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Terrorist Alert Sounded

The Israeli public has been urged to double its alertness in the light of increasing sabotage attempts in the last several days. The latest incidents were reported yesterday when a bomb was discovered in Jerusalem and an attempt in Netanya was thwarted by alert lifeguards.

In Jerusalem a bomb was discovered under a fruit and vegetable stand in the Mahane Yehuda market only a few yards from where a booby-trapped baby carriage was found last week. The bomb, hidden in a bread loaf, was dismantled before it could cause harm.

According to police, a man described as an Arab bought fruit at the stand and asked the vendor, Avraham Yihya, if he could leave his shopping basket there. The man never returned At 8:30 p.m. when he was closing the stand, the owner’s son, Yitzhak, noticed the basket and discovered that the bread was booby-trapped. Four suspects were detained.

Last evening a bomb exploded in a house near the Church of the Nativity in Bethlehem, some 10 miles south of Jerusalem. No one was hurt and there was no damage. Police did not know whether terrorists were involved. In an earlier incident yesterday an explosion in Kfar Saba injured an old man and caused shock to two children. The explosive charge went off in a garbage container near a public bench in the township several miles northeast of Herzliya.

INCREASE, NOT A WAVE OF TERRORISM

The incident in Netanya occurred when two life guards noticed that two well-dressed Arabs were on the beach carrying plastic bags that seemed heavier than if they had been filled with swimming togs. The lifeguards ordered the men to show them the bags and when they refused the guards overpowered the two Arabs. inside the bag they found mortar shells with activating materials and explosive devices connected a wristwatch as well as nails and metal pieces. The two Arabs were turned over to police and the bags were placed in a hole in the sand to prevent casualties on the crowded beach.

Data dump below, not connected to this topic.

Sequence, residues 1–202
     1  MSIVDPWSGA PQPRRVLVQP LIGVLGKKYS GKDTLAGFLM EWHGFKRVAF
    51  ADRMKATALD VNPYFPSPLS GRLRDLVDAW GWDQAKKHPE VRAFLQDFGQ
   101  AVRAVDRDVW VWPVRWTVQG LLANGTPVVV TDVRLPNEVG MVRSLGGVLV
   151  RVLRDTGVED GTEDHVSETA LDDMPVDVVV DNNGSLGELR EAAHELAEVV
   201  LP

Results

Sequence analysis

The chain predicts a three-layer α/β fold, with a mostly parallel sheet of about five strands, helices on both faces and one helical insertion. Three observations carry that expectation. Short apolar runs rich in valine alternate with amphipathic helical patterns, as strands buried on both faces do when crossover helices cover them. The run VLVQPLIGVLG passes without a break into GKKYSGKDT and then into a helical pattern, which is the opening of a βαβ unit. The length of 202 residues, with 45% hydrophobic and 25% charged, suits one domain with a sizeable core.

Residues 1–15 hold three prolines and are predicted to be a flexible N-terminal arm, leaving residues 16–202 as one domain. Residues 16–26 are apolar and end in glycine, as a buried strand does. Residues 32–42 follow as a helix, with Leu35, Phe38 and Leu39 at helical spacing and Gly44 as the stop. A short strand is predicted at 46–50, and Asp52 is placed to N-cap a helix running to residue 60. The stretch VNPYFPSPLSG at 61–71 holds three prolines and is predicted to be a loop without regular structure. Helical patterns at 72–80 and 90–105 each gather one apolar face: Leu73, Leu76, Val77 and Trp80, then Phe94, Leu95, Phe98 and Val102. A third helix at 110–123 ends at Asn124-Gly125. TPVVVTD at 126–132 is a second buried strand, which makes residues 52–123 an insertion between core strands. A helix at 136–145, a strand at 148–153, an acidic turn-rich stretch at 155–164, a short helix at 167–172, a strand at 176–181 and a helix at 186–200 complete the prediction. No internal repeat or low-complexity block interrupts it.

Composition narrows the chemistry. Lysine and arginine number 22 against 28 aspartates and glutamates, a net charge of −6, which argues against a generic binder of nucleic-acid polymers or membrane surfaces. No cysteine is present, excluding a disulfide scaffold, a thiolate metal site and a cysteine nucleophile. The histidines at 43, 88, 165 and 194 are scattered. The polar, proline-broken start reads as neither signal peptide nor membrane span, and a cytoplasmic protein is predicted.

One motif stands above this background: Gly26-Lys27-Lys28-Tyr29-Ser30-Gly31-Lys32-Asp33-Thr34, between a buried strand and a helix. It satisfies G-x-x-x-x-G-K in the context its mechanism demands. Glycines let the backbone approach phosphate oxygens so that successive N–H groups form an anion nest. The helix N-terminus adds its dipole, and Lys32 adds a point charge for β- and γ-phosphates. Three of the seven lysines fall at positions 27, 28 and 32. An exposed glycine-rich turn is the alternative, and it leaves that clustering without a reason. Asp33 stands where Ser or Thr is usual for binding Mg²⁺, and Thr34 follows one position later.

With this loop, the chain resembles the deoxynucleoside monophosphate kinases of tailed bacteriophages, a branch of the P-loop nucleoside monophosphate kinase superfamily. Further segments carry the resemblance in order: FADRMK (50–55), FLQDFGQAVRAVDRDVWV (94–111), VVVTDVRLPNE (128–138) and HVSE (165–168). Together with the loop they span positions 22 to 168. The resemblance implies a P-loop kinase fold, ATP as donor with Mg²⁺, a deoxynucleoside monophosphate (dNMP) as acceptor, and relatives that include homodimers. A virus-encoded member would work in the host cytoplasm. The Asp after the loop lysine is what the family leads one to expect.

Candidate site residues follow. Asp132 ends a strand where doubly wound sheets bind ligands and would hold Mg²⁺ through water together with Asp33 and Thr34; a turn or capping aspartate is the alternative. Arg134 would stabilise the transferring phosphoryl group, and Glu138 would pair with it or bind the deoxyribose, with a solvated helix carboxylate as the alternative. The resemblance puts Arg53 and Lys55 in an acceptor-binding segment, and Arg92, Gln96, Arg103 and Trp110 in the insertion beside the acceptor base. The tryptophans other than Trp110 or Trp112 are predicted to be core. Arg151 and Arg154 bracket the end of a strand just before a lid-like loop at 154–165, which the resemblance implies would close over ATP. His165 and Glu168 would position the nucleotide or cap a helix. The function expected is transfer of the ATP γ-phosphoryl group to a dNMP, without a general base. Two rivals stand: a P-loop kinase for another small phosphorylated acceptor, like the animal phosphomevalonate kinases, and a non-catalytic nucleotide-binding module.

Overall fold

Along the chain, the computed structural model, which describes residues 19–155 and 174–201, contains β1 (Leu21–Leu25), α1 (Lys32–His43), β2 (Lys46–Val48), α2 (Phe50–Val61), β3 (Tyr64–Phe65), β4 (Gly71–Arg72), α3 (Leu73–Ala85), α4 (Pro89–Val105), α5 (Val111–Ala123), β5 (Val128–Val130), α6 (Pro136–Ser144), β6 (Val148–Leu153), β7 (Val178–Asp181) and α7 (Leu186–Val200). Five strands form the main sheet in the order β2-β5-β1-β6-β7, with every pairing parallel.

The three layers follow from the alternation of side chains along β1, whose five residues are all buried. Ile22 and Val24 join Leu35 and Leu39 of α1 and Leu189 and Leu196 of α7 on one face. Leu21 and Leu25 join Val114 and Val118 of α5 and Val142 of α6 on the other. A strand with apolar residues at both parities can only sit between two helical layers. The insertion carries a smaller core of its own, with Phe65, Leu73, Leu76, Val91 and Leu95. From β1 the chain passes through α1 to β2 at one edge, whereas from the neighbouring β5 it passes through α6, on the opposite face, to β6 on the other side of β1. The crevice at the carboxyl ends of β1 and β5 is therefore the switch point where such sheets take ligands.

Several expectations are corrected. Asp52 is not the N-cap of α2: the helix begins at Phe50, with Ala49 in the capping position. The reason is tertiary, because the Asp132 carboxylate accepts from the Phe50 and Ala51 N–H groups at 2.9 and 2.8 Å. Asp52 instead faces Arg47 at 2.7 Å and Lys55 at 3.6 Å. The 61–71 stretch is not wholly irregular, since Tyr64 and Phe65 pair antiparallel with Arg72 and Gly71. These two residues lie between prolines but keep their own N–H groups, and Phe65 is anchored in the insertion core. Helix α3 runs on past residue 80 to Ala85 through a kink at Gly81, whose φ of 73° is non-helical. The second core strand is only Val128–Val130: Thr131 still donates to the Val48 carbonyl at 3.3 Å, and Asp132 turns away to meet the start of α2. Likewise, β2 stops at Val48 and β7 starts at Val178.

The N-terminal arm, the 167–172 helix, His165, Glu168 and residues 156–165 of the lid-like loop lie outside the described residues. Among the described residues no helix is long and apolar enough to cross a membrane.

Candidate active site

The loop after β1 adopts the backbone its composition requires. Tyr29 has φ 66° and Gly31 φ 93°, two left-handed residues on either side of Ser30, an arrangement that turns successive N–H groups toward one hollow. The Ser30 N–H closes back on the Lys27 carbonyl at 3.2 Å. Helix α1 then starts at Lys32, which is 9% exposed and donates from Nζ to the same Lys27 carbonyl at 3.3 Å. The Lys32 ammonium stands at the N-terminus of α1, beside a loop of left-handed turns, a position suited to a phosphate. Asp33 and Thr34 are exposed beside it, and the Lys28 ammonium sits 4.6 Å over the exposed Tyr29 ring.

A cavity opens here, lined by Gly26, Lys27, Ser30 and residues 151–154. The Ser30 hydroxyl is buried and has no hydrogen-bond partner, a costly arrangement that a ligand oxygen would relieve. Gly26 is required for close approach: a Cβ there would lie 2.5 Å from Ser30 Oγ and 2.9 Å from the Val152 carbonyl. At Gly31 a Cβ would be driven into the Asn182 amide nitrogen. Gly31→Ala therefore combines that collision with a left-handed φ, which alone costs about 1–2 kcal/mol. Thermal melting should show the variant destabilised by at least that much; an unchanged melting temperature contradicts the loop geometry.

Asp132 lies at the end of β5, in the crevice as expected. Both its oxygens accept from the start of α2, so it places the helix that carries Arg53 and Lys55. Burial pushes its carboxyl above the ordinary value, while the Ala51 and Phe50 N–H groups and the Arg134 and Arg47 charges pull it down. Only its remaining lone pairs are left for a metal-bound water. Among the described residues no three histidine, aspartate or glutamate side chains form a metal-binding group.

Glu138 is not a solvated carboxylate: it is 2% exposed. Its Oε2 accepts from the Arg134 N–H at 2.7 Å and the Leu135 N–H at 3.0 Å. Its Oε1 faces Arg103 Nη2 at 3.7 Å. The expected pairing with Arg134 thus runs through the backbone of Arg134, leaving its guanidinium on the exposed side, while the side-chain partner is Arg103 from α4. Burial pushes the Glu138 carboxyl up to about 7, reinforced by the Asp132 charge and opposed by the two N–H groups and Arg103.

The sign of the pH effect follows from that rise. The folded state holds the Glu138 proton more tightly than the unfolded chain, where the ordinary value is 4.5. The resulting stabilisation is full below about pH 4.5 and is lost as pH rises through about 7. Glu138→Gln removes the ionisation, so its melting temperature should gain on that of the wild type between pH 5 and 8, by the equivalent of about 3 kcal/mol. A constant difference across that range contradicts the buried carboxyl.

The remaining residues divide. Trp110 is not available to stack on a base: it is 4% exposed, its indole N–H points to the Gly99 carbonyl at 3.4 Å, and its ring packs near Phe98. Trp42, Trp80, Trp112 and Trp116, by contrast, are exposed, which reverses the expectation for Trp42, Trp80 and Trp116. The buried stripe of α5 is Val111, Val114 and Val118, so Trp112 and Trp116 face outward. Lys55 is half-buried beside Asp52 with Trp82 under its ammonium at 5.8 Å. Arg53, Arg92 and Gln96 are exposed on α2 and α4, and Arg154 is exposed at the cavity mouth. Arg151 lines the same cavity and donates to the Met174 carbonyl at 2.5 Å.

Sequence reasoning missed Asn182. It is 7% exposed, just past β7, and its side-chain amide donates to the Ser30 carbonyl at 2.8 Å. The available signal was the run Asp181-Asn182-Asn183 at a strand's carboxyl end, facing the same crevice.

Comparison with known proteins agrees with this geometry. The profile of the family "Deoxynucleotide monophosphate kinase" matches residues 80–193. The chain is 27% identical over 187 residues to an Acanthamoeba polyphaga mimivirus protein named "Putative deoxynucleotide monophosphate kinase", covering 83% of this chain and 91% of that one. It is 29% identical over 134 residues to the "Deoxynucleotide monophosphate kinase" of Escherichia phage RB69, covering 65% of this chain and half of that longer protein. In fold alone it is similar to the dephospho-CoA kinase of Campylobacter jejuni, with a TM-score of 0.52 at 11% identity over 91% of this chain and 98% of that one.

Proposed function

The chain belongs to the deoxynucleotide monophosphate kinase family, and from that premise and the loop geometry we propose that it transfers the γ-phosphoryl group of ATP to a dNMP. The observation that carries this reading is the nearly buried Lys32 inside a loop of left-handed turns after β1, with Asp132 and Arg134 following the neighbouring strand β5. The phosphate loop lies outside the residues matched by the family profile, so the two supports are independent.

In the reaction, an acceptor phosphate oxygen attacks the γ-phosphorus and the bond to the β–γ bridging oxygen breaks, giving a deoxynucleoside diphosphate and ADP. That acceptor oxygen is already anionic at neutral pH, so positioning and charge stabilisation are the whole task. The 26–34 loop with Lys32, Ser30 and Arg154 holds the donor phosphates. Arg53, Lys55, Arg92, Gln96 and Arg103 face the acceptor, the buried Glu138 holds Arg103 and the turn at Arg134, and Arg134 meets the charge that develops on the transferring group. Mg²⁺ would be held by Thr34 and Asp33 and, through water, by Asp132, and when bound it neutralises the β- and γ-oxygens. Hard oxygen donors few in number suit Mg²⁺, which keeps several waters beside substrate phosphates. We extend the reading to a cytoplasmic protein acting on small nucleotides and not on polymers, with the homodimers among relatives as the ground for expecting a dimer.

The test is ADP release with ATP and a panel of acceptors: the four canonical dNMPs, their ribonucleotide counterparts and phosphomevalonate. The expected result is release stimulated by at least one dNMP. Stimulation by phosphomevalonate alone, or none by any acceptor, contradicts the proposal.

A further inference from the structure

Meanwhile, Meir Novik, Israel’s Deputy Commander of Police, said he would not call the recent acts of terror “a new wave” of terrorism. He admitted there was an increase in the number of incidents after a short period of relative calm. He discounted speculation that the recent increase in sabotage acts resulted from the policy of allowing summer visitors from the Arab countries into the administered territories. Novik said the police force was being rearranged to combat terrorism. He said most of the police are now engaged in security work. But he stressed that the major means of preventing terrorism was public alertness.

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